Federal authorities are seeking lengthy prison term for a rural elderly man growing marijuana for medicinal purposes. Pot dispensaries are now commonplace in Washington, the state is currently in the process of licensing residents to grow and sell recreational marijuana.
Despite the marijuana business set to thrive in Washington, five Spokane residents will soon enter a federal courtroom to discover their fate, after being caught with marijuana growing on their property. Larry Harvey, 70, a friend, and three relatives were caught with 70 cannabis plant on their property in the mountains. If convicted of the marijuana cultivation crime, they will face a minimum of 10 years in prison.
The extensive prison terms reportedly stems for the presence of weapons in the home. Harvey and his clan kept the legally owned guns for hunting and self-defense purposes. Federal agents who confiscated the marijuana said that since two of the guns were inside the same room as a plastic tub of pot, weapons infraction were added to the marijuana indictment.
Marijuana advocacy groups are protesting the Justice Department decisions to prosecute Larry Harvey and the others for such extensive charges. As previously noted by The Inquisitr, Attorney General Eric Holder said in 2013 that nonviolent and small-time drug offenders should not face heavy prison time. US Assistant Prosecuting Attorney Joe Harrington refused to comment on the upcoming trial.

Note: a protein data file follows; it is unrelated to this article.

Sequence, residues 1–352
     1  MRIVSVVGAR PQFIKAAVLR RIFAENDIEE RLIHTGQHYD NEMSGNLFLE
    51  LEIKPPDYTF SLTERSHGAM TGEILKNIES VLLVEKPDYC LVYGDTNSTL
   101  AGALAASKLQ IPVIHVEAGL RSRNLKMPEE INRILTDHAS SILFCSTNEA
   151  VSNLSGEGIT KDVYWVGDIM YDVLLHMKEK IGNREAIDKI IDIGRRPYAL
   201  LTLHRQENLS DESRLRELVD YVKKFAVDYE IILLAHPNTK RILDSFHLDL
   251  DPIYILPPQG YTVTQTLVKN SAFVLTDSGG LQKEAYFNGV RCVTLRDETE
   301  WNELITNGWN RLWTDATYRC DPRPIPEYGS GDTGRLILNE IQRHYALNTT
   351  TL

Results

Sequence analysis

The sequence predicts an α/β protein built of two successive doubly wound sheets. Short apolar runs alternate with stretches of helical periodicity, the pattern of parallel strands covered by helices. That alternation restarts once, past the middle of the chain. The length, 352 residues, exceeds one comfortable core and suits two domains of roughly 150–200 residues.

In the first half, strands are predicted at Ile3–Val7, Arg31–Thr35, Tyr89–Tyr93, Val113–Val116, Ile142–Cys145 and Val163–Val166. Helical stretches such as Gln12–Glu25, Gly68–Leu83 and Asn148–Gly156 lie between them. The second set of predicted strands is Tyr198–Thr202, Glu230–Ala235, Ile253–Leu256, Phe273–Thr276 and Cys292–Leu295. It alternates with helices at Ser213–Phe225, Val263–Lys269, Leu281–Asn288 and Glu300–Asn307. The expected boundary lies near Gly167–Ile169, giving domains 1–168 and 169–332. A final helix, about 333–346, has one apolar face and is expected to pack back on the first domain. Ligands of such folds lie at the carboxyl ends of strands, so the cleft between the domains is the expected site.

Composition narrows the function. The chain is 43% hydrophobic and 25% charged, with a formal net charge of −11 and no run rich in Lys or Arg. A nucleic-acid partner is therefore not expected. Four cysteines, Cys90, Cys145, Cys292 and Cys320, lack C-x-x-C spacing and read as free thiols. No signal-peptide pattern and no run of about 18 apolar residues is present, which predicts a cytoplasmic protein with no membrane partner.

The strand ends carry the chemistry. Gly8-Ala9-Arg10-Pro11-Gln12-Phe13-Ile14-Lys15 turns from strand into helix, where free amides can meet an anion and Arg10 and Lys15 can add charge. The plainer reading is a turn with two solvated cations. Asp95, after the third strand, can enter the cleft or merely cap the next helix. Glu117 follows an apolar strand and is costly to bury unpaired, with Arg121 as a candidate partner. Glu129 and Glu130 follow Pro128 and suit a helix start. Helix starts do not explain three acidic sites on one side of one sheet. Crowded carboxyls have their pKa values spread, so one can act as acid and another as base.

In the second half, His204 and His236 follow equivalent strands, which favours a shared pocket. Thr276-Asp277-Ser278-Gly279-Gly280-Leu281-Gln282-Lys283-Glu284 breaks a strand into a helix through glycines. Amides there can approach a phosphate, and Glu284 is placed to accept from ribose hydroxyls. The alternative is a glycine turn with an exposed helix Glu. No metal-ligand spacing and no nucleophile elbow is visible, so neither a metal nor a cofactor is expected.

Americans for Safe Access Washington State Coordinator Kari Boiter said, “This case is another glaring example of what’s wrong with the federal policy on cannabis.”
Under state initiative 502, more than two dozen individuals have been licenses to cultivate and sell marijuana in Washington – with the full knowledge of the Justice Department.
Commercial medical marijuana dispensaries are already up and running in multiple cities, particularly in the western region.
“Where commercial outlets are largely permitted in Western Washington [where the US Attorney’s office is located] in Eastern Washington is subjecting individual patients to mandatory minimum prison sentences for private cultivation,” Larry Harvey’s defense team said.
The legal team wrote a letter to Attorney General Eric Holder urging him to review the prosecutorial decisions being made in the Harvey case.
In 2009, the Department of Justice (DOJ) has stated that the prosecution of medical marijuana patients is not a priority and has allowed states to regulate cannabis for both recreational and medical usage. The DOJ did reserve the power to “target operations” which have ties to organized crime or neglected to follow state law.
Marijuana remains illegal under federal statute.
[Featured Image Via: Shutterstock.com]
[Secondary Image Via: Rob Hotakainen / MCT]